Alternatively, parents can try making oral care fun.

  • Children can pick their toothbrush from the drugstore featuring their favourite cartoon character
  • Flavoured kinds of toothpastes can make oral care feel more enticing
  • Parents can turn oral care into a game involving music or sound effects
  • Parents can try books, videos, and songs that teach children about oral hygiene

 

#2 Lead by Example

 
Parents can help reduce dental phobia in their children by leading by example. For children, their caregiver are role models. A child will copy their parent’s habits and mannerisms, especially in their early years. By brushing, flossing, and using mouthwash regularly, a parent can help reduce dental anxiety.

Likewise, it’s important for the whole family to follow a healthy diet. Foods such as water, carrots, broccoli, celery, dark leafy greens, apples, pears, berries all help improve oral hygiene. On the other hand, the overconsumption of sticky candy, candied popcorn, soft drinks, potato chips can be bad for oral health.

Even if a person brushes and flosses regularly, a bad diet can quickly lead to tooth and gum disease. Such conditions can be uncomfortable and painful and leave children feeling anxious about brushing their teeth. When it comes to dental anxiety, prevention can sometimes be the best type of cure.
 

#3 Find the Right Family Dentist

 
We can’t stress this enough. It’s important for parents to take their child to the right family dentist for regular checkups from an early age. This will help demystify oral care and reduce their apprehension. What’s more, it will keep their oral care on track and reduce the stress associated with the treatment of problems that could have been caught early. Our preventative treatment options include diagnostic exams, cleanings, fluoride treatments and sealants. We also use the latest technology that makes treatment as easy and as comfortable as possible.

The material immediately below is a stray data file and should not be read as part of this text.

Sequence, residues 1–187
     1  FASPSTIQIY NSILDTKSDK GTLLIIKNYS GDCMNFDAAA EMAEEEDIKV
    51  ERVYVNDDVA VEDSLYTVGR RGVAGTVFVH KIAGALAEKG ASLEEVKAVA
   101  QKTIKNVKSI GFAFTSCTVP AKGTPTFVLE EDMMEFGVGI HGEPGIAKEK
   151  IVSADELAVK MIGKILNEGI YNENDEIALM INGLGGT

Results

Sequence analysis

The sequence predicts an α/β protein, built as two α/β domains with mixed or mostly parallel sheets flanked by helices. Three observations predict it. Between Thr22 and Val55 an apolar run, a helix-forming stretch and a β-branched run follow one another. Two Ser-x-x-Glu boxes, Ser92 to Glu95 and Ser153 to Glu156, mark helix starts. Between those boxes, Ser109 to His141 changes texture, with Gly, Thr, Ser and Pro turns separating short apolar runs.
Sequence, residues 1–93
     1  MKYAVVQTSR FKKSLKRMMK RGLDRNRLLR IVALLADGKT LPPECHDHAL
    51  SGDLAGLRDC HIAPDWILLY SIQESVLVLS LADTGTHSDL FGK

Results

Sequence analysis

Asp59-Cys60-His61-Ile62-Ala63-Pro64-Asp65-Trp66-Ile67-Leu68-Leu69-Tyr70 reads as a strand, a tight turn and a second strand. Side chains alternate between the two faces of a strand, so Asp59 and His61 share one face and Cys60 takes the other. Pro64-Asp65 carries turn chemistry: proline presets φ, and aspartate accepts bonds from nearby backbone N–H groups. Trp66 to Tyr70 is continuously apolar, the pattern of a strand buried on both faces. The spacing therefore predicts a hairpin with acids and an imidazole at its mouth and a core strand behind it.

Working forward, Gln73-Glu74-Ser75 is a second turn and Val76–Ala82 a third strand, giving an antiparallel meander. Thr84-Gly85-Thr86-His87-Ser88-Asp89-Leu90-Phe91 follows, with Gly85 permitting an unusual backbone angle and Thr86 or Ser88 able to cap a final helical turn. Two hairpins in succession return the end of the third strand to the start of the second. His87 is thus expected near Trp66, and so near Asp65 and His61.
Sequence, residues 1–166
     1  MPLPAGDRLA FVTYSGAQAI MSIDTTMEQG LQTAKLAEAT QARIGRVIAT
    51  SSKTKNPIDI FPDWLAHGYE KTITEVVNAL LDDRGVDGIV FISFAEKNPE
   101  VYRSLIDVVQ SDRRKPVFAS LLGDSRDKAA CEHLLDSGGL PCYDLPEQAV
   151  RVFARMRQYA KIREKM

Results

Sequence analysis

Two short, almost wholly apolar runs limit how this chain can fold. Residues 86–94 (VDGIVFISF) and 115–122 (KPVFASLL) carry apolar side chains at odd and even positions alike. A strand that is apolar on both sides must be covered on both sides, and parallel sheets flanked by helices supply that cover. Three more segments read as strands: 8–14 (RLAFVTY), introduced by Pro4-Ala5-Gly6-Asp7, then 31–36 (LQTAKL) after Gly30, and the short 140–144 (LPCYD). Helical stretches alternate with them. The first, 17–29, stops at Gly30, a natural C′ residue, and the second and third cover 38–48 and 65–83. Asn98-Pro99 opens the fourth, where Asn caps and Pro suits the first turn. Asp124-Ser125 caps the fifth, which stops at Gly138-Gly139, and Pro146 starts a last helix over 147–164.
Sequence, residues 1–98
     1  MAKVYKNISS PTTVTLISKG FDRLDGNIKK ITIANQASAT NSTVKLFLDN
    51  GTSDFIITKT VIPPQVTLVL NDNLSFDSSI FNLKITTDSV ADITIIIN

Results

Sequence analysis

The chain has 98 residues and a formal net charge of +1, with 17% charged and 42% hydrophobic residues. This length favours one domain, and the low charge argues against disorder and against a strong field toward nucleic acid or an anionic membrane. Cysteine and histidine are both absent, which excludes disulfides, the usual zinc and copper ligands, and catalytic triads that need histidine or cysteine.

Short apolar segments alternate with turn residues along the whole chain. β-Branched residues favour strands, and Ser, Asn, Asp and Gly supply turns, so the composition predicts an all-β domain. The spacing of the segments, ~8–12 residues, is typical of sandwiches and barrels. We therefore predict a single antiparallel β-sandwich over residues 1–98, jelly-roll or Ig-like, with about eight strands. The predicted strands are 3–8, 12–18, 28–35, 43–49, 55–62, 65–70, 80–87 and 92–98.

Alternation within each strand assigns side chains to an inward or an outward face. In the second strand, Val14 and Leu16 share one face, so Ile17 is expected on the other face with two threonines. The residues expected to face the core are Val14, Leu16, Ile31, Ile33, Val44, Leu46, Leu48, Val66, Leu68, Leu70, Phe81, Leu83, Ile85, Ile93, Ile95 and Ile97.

At your favourite family dental clinic in Hamilton – we help children feel less anxious with our kind and friendly approach. We also have entertainment options such as TV sets to keep them distracted. We take pride in creating an environment that is caring, friendly and fun! For children that need extra support with anxiety, we offer sedation options such as laughing gas.

Kids coming to Dentistry on 7th are also monitored for orthodontic problems. As Hamilton’s most accomplished orthodontist – we help treat children with a misaligned bite or teeth through many treatment options. It’s important to treat such issues early because treatments are most effective while the jaw is still expanding and can be more easily influenced to grow correctly.

Children with orthodontic issues can suffer from a variety of anxiety-inducing problems. They may have trouble speaking and swallowing. Discomfort from orthodontic issues can be felt in the teeth, jaw, ears, and neck. Orthodontic problems can also grow worse in adulthood. Fortunately, there also are orthodontic treatments available for adults at our clinic.

Parents can feel overwhelmed by their child’s dental phobia. But they can reduce the anxiety by leading by example, getting their children started early on the road to good oral care, finding a friendly family dental clinic, and staying positive.

By |March 9th, 2020|Blog|0 Comments